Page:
Edward C. O'Neill, BiographyPorter County biographical sketches . . . .

Transcribed biography of Edward C. O'Neill


Edward C. O'Neill, a well known and popular official of Porter County, Indiana, affords in his life and its success another evidence that industry, economy, and integrity constitute the keynote to honorable competency. He was born in Michigan City, Indiana, March 1, 1856, to the marriage, of Cornelius O'Neill and Mary A. Redman, both natives of Ontario. This worthy couple were married in Toronto, Canada, but in 1855 came to Michigan City, Indiana, where they resided for one year. From there they moved to Valparaiso in 1856, and the father followed his trade, blacksmithing, for the Pan Handle Railroad, working day and night to fulfill his contracts, of which our subject has proof, for he has in his possession an execution against the Cincinnati & Chicago Railroad calling for $138.86. During the rebellion, or in 1863, the father enlisted in Company A, Seventh Cavalry, 119th Indiana Regiment, and was commissioned as first sergeant, going out with his company to the bloody battle field never to return. He was captured and taken prisoner in February, 1865, while out on a skirmishing tour at Okalona, Mississippi. To the prison pen, Andersonville, he was taken, and there died through the rough treatment of the prison authorities. He was taken prisoner while try- to rescue a fellow soldier, who had mired in the mud. A singular coincidence was that in forty-eight hours after the death of the father, the mother Mrs. Mary A. O'Neill, too passed away. She was then living in Valparaiso. Two orphans were thus thrown out of this once happy home, our subject and his little sister, Lillian A., the former seven, and the latter five years of age. They went to live with an uncle, Timothy O'Neill, their father's brother, who resides at Coburg, Ontario, and remained with him about eight years, attending school there a short time. A strong desire then possessed our subject to return to the United States, and he with his sister came to Valparaiso, arriving about October 14, 1871, four days after the great Chicago fire broke out.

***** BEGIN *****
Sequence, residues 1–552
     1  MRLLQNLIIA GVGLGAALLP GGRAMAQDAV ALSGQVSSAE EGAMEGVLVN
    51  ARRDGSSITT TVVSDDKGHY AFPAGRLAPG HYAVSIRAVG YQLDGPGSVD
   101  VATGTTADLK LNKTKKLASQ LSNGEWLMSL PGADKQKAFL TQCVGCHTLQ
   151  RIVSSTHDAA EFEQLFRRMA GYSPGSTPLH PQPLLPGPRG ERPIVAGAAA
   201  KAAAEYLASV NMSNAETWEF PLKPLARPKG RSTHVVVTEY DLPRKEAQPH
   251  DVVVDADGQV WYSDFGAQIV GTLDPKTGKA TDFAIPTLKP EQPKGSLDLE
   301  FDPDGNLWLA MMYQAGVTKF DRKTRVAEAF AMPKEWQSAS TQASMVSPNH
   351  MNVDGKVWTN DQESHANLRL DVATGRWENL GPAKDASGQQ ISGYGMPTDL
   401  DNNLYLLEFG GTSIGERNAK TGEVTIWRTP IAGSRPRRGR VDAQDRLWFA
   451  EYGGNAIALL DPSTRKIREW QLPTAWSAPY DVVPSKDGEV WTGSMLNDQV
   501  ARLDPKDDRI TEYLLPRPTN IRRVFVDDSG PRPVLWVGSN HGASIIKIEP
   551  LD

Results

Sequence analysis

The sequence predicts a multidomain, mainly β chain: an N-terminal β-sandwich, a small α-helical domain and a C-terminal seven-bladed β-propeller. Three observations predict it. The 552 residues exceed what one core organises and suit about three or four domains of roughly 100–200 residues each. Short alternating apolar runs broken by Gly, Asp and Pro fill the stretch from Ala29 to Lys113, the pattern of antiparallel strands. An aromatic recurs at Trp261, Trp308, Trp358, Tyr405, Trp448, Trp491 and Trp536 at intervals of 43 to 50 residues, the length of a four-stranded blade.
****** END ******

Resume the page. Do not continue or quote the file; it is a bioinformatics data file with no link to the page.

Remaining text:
On coming to Valparaiso he entered St. Paul's grammar school, of which the late Rev. Father O'Reilly, a man greatly esteemed, was the director. Later our subject entered the Northern Indiana Normal School and Business Institute of Valparaiso, and in this institution he remained as long as his means would allow. After that he was employed as a clerk by the firm of Skinner & Harold, wholesale and retail grocers, and remained with the same for fifteen years, acquiring a thorough insight into the business. He then received an appointment under President Cleveland on the railway mail service between Chicago and Cleveland, but this position he soon resigned. He had to assist in handling about fifty tons of mail between the two cities referred to. In 1886 he made the race for county auditor against John W. Elam, and, though defeated, he was accorded a wonderful vote. After giving up his position as mail clerk, he was employed by Specht & Finney, dry goods dealers, and remained with them two years, during which time he was nominated by the Democratic party for county clerk, being elected to that position in 1890. In 1891 he was appointed receiver of Harold & Co., to close up the business. Mr. O'Neill is a young man of more than ordinary ability, and what he has accumulated in the way of this world's goods is the result of his own energy and perseverance. He is well respected and esteemed in the county, and is a most capable and efficient public servant. Socially he is a member of the Independent Order of Foresters of America, in Indiana, a charter member. He is a member of several fraternal and other insurance companies. In April 25, 1888, he was married to Miss Harriet M. Spooner, of Wooster County, Massachusetts, and three children have been given them, Mary L., Robert S., and Cornelius E.

Source: Goodspeed Brothers. 1894. Pictorial and Biographical Record of La Porte, Porter, Lake and Starke Counties, Indiana. Chicago, Illinois: Goodspeed Brothers. 569 p.
Page(s) in Source: 180-181

This biography has been transcribed exactly as it was originally published in the source. Please note that we do not provide photocopies or digital scans of biographies appearing on this website.

Biography transcribed by Steven R. Shook


CSS Template by Rambling Soul